WHAT DID WE ASK FOR?
“A copy of the general licence issued to the RSPCA applied for between late February/ early March of this year, in respect of the authorised removal of a pair of mute swans from the highly toxic white phosphorus contaminated Rattlechain lagoon.”
WHY DID WE ASK THIS?
In 2003 a pair of swans attempted to nest in a reed bed area near to the waste pipe and the Southern side of the lagoon very close to where houses now stand in Callaghan Drive. After laying some eggs the female left the nest and subsequently appeared to go into convulsions, that we now know to be associated with white phosphorus poisoning. This swan was rescued by us but died two days later, leaving behind the male swan and eggs. The male did not remain on the site.
In 2012 in exactly the same location, another pair of swans began attempting to nest. We obviously raised concern at this, given what had gone before, so approached the RSPCA and the local police wildlife liason officer for advice. The RSPCA applied for a license to remove the nesting swans before any eggs had been laid.
As the issuers of the licence, we asked Natural England for a copy of it, partly out of curiosity as to what it contained, and if it shed any further light on the circumstances for removal.
WHAT DID THEY KNOW?
Natural England supplied the following statement. Some personal details were redacted, which is fairly standard practice for FOI/EIR requests under the Data Protection Act. They also redacted the new location that the birds were moved to in a rather lengthy reply stating
“We believe that the public do have the right to see the information that was used to decide whether the translocation was the correct option and the licence issued to allow this to happen. However we feel that this knowledge does not extend to the precise location of the site where the birds have be rehomed, given the possible threat to that location and its’ personnel if that information is released.”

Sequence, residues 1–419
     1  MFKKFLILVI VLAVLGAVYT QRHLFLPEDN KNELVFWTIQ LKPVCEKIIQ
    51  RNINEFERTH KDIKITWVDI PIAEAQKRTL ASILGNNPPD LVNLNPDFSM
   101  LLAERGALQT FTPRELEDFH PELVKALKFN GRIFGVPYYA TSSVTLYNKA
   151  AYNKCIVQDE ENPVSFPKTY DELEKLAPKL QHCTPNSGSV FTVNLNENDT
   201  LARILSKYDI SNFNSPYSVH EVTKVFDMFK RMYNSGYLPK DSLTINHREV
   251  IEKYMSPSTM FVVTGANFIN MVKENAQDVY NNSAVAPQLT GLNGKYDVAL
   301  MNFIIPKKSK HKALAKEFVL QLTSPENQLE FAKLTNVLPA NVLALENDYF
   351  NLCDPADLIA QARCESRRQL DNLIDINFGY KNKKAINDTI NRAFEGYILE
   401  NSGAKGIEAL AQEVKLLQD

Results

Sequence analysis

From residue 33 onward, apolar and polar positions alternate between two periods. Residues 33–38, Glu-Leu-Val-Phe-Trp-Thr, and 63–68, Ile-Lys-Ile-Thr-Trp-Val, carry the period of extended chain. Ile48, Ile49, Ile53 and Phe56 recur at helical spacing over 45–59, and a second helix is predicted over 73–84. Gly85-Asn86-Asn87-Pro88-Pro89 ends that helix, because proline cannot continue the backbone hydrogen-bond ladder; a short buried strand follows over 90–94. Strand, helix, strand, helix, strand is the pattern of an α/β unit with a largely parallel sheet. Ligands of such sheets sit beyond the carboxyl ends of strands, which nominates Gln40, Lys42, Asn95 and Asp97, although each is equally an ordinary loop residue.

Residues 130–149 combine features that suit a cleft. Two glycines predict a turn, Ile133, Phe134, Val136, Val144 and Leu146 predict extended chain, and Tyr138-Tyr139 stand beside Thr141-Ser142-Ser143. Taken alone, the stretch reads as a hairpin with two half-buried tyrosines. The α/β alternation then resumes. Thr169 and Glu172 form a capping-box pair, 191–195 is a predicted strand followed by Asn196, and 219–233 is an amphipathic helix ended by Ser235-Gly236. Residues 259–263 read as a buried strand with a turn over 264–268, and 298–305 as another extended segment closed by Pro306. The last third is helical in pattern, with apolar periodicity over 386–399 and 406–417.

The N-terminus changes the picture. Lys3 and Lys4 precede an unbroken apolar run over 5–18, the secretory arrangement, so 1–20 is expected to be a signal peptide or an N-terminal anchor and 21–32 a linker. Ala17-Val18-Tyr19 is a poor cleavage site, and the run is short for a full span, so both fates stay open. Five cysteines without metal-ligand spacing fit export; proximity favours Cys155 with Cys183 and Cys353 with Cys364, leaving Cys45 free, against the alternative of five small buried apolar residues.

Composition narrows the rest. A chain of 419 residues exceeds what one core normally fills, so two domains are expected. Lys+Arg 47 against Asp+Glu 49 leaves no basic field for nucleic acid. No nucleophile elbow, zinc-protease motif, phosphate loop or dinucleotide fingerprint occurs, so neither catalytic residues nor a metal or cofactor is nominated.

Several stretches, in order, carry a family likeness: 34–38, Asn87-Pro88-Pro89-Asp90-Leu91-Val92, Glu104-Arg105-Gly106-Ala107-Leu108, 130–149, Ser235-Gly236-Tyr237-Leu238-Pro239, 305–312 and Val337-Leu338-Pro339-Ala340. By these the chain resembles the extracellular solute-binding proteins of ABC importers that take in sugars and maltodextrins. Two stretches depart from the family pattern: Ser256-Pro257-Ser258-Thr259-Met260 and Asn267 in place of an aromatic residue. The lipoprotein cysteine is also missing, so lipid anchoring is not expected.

We know where the birds went and so have no problem with this, nowhere could possibly be any worse than Rattlechain lagoon!
The licence to remove the swans was supplied.
The licence revealed that it was for the purpose of “conserving wild birds”
WHAT DOES THIS MEAN?
Conserving wild birds such as nesting swans is important. They would have had little or no chance of survival on this hazardous toxic waste lagoon. They would have been poisoned by toxic white phosphorus, as evidenced by other birds that have gone before them. Tragically another different pair of swans appeared not long after the removal of these two birds. The male swan was found dead in the reeds next to the nest that they had started to furnish. The subsequent post mortem revealed little but white phosphorus analysis confirmed exposure to white phosphorus before death. This would not be the amount that the bird ingested of this highly toxic, fast disappearing unnatural chemical weapon.